3. Innate immune defences & inflammation 2 Flashcards Preview

BSMS204 Theme I Immunology > 3. Innate immune defences & inflammation 2 > Flashcards

Flashcards in 3. Innate immune defences & inflammation 2 Deck (49)
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1

Innate immune cells

neutrophils, macrophages, dendritic cells, natural killer cells

2

Neutrophils

phagocytosis
reactive oxygen and nitrogen species
antimicrobial peptides
NETs (neutrophil extracellular traps)

3

Macrophages

phagocytosis
inflammatory mediators
antigen presentation
reactive oxygen and nitrogen species
cytokines
complement proteins

4

Dendritic cells

antigen presentation
costimulatory signals
reactive oxygen species
interferon
cytokines

5

phagocyte recruitment steps

Rolling and extravasation
1. rolling
2. activation
3. arrest/adhesion
4. transendothelial migration

6

How does phagocyte recruitment happen?

1. cytokines e.g. TNF-alpha dilate local blood vessels
2. chemokines attract monocytes and neutrophils to the infection
3. cell adhesion molecules (ICAM-1 and ICAM-2) are upregulated on the endothelium which bind to integrins (family of adhesion molecules) on the leukocytes

7

What is phagocytosis?

Phagocytosis is the capture and digestion of foreign particles
Performed by neutrophils and macrophages

Put out processes to feel for foreign objects, but not always recognise them sometimes recognises opsonins on opsonised things

8

What initiates phagocytosis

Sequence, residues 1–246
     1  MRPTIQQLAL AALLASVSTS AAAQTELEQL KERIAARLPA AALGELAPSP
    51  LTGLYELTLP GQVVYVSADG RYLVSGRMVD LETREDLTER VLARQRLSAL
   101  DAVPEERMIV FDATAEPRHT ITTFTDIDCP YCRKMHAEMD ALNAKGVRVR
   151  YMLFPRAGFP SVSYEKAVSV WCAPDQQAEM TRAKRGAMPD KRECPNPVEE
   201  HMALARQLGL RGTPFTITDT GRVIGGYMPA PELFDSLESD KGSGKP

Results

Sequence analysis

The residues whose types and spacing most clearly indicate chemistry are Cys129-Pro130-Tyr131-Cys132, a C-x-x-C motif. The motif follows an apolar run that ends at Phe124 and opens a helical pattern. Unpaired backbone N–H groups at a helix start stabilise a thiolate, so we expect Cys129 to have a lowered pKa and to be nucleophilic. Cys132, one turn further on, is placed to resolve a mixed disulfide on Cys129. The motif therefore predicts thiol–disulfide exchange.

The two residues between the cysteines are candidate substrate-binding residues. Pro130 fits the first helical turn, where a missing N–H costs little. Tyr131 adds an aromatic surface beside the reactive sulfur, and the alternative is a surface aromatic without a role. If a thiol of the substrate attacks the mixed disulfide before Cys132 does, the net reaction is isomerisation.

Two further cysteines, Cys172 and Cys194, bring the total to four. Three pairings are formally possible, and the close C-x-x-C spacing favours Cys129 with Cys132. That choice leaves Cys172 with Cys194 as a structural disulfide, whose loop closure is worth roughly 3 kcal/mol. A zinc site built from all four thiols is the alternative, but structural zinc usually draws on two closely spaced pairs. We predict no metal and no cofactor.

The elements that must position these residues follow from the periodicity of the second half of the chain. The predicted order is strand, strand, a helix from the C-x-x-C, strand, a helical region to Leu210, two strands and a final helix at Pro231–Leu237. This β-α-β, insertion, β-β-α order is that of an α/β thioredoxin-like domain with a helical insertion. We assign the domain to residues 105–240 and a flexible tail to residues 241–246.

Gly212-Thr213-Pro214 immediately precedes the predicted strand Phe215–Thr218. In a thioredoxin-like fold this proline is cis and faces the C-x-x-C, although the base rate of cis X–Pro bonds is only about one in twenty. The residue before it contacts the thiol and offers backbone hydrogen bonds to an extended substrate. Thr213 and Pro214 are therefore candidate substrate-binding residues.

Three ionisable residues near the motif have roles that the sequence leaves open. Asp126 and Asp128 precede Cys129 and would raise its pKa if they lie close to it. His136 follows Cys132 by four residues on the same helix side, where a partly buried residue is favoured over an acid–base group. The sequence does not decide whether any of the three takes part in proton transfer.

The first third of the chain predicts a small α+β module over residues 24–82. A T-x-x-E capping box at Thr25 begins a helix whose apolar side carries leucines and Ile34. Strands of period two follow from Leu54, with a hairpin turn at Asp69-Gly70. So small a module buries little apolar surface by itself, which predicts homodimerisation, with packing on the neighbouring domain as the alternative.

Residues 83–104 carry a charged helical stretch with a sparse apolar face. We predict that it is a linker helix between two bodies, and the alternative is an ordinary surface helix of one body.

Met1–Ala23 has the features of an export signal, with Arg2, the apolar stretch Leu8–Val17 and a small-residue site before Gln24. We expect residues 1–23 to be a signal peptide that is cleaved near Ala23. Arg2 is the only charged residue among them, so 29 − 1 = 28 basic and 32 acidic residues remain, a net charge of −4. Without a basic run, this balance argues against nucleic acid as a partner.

Active process initiated by binding to pathogen

9

How does phagocytosis occur?

Macrophage receptors recognise components of microbial surfaces
Microorganisms are bound by phagocytic receptors on the macrophage surface
Microorganisms are internalised by receptor-mediated endocytosis
Fusion of the endosome with a lysosome forms a phagolysosome in which microorganisms are degraded

10

Antimicrobial mechanisms of phagocytes

Acidification, toxic oxygen-derived profucts, toxic nitrogen oxides, antimicrobial peptides, enzymes, competitors (e.g. lactoferrin)

11

What are NETs?

When activated some neutrophils undergo a special form of cell death termed ‘NETosis’
During NETosis nuclear chromatin is released from cells trapping microorganisms thus aiding phagocytosis

12

What are pattern recognition receptors (PRRs)

Receptors able to recognise conserved structures

They recognise patterns termed:
pathogen-associated molecular patterns (PAMPs)

13

What are some examples of PRRs?

Toll-like receptors (TLRs)
NOD-like receptors (NLRs)
Rig-I like receptors (RLRs)
Cytosolic DNA sensors (CDS)

14

Pathogen-associated molecular patterns (PAMPs)

PAMPs - Microbes evolve rapidly, so innate immunity must focus on highly conserved and essential components of microbes (cell wall structures; nucleic acids)

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DAMPs

DAMPs – Damage associated molecular patterns, molecules released from necrotic cells

16

Drosophila Toll receptor